- Published on: 10.01.2023
- 4:07 mins
How to Evaluate the Circularity of Products
The Russian offensive in Ukraine and other geopolitical conflicts are leading to fluctuations in energy and raw material prices, and creating instability in global value chains. For Europe-based companies, this is leading to cost increases and supply shortages due to their dependence on importing raw materials and energy, which could be reduced with recyclable products. However, at the same time, more than 2.5 billion tons of waste is generated in the EU every year. (Source)
If a systematic treatment process is adopted, waste can be used again as raw materials. In spite of this, according to the European Environment Agency, only 46 per cent of waste is recycled in the EU. According to the Circularity Gap Report 2023, the amount of raw materials extracted globally has doubled since 2000, with only 7.2 per cent of raw materials being reused. For this figure to radically change, the transition from a linear to a circular economy is required. To make this possible, companies must systematically measure their environmental impact and design their products with circularity in mind.
Data: The basis for the transition to a circular economy
The transition begins with data that can be used to assess environmental impacts and circularity. Following the principle “If you can’t measure it, you can’t manage it,” material, product and environmental data will need to be collected, analyzed and used. The entire lifecycle of a product and its components must be taken into account – from product composition and manufacturing to its (extended) use. This information is then supplemented by data exchanged with stakeholders such as suppliers and users. An integrated process and data landscape closes digital circuits, creating the transparency required to make decisions in product development. The specific data required is determined by the evaluation methods used.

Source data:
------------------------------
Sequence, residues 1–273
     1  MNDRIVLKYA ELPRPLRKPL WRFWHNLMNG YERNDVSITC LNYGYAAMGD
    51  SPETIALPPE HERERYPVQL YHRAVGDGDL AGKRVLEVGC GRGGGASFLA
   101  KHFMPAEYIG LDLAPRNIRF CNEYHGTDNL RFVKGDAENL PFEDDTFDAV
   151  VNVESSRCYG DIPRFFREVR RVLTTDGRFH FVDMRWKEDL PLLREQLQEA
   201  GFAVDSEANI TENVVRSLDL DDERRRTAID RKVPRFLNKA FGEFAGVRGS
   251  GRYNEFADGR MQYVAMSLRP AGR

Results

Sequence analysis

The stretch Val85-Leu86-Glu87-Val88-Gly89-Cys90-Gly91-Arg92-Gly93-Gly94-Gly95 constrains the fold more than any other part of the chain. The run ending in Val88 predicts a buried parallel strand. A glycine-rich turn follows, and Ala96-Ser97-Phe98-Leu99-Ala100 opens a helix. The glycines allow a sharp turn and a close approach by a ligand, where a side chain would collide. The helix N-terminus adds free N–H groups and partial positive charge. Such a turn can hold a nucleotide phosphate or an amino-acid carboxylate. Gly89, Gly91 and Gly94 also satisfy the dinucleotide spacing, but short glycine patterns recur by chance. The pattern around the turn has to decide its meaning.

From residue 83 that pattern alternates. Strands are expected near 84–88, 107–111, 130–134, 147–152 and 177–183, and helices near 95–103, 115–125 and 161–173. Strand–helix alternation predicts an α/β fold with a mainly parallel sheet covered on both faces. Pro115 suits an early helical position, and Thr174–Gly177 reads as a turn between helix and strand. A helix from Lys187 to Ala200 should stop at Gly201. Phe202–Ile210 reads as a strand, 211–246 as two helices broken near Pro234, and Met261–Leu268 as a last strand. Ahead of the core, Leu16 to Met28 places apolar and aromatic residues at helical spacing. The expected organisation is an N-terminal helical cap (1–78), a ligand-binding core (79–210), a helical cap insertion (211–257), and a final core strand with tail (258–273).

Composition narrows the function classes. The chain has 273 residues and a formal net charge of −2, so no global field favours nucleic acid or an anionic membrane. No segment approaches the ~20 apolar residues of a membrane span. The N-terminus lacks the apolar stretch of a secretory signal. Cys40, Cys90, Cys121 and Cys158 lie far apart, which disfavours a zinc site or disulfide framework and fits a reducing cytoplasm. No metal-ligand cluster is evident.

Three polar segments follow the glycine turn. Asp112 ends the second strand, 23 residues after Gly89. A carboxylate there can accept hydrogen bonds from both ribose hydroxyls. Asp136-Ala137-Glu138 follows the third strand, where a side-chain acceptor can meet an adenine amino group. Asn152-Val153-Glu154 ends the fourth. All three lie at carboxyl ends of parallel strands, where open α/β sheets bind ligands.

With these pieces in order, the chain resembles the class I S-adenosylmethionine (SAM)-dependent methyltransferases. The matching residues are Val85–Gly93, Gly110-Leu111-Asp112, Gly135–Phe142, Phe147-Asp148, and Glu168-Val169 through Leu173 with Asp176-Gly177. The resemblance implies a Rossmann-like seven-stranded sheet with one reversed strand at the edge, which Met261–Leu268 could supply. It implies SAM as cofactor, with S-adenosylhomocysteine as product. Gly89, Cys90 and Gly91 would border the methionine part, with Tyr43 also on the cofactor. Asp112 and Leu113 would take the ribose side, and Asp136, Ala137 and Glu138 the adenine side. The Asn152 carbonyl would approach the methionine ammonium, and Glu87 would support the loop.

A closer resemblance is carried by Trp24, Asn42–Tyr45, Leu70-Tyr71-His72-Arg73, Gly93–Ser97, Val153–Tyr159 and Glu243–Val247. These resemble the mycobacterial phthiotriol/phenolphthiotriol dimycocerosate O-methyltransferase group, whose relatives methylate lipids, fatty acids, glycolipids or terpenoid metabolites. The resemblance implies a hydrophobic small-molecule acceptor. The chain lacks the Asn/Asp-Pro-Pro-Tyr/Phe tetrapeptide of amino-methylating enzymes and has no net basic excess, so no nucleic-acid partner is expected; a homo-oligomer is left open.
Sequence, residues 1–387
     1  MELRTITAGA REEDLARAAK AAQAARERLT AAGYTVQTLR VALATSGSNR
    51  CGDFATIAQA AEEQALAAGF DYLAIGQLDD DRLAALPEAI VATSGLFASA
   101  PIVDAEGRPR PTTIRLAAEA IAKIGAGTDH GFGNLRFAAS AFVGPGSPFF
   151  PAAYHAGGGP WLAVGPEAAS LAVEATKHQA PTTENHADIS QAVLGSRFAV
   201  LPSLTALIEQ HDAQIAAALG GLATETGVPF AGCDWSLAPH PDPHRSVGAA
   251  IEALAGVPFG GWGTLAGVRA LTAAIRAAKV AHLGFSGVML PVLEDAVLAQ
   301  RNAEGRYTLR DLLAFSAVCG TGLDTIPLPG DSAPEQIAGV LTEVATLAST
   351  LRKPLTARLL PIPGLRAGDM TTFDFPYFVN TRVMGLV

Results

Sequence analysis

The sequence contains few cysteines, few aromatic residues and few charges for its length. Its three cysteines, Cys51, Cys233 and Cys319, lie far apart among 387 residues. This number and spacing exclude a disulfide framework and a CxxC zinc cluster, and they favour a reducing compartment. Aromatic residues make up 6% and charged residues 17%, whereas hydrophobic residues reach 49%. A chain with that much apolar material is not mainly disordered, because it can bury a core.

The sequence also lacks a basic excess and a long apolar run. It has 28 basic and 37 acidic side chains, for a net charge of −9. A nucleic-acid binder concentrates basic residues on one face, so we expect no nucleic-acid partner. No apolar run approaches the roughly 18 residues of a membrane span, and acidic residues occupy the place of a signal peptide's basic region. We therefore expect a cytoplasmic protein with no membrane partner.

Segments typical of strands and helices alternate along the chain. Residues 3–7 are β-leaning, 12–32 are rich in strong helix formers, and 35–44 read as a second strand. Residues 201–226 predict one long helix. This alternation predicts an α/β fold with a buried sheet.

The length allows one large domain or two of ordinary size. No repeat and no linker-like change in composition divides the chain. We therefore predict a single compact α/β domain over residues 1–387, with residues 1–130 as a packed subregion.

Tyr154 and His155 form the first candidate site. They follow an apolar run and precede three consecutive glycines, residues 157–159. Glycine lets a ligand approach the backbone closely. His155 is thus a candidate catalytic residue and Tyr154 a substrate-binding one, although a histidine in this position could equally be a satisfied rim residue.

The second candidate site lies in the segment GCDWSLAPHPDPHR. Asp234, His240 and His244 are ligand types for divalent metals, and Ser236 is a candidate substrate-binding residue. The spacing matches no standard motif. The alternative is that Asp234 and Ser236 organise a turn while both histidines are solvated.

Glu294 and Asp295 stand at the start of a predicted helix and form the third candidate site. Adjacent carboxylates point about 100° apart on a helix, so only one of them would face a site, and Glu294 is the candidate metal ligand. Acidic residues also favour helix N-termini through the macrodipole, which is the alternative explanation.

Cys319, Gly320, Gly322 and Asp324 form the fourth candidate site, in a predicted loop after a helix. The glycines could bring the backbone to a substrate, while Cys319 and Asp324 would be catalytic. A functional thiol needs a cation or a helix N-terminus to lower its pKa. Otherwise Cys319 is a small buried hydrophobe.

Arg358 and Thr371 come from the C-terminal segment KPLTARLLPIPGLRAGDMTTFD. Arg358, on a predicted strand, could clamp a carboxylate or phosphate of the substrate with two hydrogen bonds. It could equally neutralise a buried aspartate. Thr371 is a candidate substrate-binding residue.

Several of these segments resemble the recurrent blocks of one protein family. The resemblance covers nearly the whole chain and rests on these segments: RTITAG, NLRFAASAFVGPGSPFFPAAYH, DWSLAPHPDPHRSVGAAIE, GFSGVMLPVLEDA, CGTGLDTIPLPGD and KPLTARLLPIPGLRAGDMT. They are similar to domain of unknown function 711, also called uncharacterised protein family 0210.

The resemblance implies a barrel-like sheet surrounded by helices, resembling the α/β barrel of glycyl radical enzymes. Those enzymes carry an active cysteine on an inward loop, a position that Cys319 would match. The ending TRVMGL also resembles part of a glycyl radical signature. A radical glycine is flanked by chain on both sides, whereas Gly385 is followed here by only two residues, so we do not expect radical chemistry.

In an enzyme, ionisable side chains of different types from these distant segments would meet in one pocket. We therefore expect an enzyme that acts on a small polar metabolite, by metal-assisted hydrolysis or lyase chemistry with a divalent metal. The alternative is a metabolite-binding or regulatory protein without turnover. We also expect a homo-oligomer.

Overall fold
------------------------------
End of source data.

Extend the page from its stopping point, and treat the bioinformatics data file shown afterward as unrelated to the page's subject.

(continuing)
Various methods, but no universal indicator
There are a number of standards and indicators used to evaluate circularity, that take into account different but equally relevant aspects. These include material flow, longevity and business model, environmental impacts along the lifecycle, and design-related opportunities for further use of the product and its components. However, to date there is no recognized indicator that integrates all aspects.
Through its Ecodesign Directive, the EU is currently working to create a regulatory framework to establish uniform criteria and mandatory market standards, forcing the principle of circularity to be integrated into certain products. In particular, the framework considers the longevity and repairability of products, as well as their potential for upgrade, re-use, remanufacturing, refurbishment and recycling.
The Ecodesign Directive takes a variety of factors into account, including:
- Number of materials and components
- Use of standardized or recycled components
- Joining technologies used and the possibility of non-destructive dismantling
- Required tools, processes and technologies
- Use of “substances of concern” such as hazardous constituent materials or adhesives that prevent separation of materials
- Environmental impacts throughout the life cycle, such as CO2 emissions